Once you have positioned your RV at the campground site, it’s time to level, chock, and stabilize. Please remember that the stabilizers provided by the manufacturer are NOT for leveling. They merely stabilize the RV removing the “rocking motion” provided by the springs and suspension.
Leveling Blocks: We can’t express how important choosing a site that is near level is so important. We have literally backed into a site only to find out that leveling the RV was a futile effort.
Rule of thumb, when the level on your RV reads (1), you need approximately one of the leveling blocks or one row. We no longer use a flat rock or other to level our unit, LOL. The 10 piece interlocking blocks are fabulous. It should be noted that the blocks cannot be stacked more than 4 high. This equates to a 4 inch difference in grade in approximately an 8 foot span. That’s a big rock!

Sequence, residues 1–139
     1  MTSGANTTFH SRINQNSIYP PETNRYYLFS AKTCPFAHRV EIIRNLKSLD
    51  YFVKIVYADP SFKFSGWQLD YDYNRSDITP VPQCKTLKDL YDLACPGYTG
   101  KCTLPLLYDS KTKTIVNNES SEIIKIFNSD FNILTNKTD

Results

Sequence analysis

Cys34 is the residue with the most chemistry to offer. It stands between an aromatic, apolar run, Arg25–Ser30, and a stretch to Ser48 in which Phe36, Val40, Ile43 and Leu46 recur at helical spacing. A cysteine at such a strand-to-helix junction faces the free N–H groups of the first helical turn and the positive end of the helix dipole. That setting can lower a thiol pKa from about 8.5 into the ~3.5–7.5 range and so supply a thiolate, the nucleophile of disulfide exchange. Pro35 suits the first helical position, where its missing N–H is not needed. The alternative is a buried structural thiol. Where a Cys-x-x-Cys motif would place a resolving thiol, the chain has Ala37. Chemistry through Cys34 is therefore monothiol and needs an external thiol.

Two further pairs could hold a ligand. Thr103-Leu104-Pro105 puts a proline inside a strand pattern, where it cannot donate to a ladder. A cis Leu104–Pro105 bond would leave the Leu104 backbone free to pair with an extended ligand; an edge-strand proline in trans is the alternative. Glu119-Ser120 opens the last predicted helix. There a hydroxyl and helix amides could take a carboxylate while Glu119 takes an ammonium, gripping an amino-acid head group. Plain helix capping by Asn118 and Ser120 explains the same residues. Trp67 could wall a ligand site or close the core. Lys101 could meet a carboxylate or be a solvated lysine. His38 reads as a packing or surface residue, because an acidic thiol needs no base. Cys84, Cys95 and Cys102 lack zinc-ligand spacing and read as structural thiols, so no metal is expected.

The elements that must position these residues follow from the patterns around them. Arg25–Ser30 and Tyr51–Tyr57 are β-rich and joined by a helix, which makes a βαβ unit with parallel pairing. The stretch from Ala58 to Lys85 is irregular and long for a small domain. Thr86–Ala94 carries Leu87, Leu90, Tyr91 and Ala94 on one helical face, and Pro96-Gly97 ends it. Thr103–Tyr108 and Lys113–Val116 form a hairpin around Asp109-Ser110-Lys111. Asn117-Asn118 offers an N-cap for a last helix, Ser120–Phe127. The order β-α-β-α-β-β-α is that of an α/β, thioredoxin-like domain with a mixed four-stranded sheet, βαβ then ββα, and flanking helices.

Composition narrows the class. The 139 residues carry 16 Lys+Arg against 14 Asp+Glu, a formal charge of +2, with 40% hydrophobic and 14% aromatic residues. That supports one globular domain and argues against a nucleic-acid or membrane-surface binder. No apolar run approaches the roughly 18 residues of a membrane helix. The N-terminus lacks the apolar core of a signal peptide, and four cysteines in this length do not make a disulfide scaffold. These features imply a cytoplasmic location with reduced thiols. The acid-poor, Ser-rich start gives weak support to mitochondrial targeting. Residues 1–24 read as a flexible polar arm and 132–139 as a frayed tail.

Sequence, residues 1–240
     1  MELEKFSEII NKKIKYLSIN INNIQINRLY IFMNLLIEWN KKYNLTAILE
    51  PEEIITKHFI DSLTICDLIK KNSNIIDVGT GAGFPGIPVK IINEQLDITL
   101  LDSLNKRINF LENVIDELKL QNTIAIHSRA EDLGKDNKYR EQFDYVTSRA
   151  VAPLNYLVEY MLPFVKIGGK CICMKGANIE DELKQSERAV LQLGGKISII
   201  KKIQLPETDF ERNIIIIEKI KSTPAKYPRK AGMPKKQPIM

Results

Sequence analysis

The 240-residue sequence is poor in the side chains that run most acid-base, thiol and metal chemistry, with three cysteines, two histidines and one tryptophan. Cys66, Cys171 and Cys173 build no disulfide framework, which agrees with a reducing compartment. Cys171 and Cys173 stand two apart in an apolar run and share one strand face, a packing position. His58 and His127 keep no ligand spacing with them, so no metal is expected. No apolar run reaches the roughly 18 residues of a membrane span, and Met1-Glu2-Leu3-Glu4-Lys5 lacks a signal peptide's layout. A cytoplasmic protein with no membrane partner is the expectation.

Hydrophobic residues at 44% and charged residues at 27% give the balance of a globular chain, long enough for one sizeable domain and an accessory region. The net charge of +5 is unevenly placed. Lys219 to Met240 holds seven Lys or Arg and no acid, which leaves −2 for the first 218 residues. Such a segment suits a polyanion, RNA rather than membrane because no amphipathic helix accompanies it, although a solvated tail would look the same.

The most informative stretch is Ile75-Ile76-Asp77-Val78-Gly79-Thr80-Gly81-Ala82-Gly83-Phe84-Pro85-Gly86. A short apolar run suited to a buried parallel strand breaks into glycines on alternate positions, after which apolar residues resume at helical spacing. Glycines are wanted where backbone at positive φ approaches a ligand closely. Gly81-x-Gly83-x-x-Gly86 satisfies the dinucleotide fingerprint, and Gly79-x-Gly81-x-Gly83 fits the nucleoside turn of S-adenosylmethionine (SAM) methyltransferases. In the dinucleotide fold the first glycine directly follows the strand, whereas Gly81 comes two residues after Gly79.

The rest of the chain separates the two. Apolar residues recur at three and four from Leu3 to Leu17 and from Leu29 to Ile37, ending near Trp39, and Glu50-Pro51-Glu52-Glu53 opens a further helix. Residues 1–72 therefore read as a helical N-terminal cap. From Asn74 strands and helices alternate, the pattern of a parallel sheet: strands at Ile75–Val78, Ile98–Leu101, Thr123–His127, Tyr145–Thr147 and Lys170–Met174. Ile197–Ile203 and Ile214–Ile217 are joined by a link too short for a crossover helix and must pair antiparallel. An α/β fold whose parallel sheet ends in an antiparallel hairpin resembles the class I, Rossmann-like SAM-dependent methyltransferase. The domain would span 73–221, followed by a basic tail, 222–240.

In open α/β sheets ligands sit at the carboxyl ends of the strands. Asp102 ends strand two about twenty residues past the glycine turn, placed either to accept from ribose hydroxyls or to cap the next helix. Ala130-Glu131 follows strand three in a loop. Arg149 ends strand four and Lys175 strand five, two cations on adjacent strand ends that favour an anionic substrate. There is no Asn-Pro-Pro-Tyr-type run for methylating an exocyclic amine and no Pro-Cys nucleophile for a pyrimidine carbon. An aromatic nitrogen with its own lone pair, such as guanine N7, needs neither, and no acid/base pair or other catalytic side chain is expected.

Chocks: Once leveled, the next step in set-up is to chock the RV. These in-expensive chocks are well worth the money. They are lightweight and durable and work as well if not better than a block of wood.
Trailer Tongue Jack Stand: Now that you have leveled and chocked the RV, you will then disconnect from your vehicle. When doing so, you will need a jack pad or a stand. We use the stand simply because it reduces the amount of effort required in performing this task. It is lightweight, durable and will hold up to 10,000 pounds.
Stabilizer Pads: Prior to extending the slide outs, if you have them, the leveling and stabilizing should come first. The stabilizer pads provide a great firm surface to lower the stabilizer jacks. Once extended, the stabilizers will help to provide a smooth operation for your slideouts.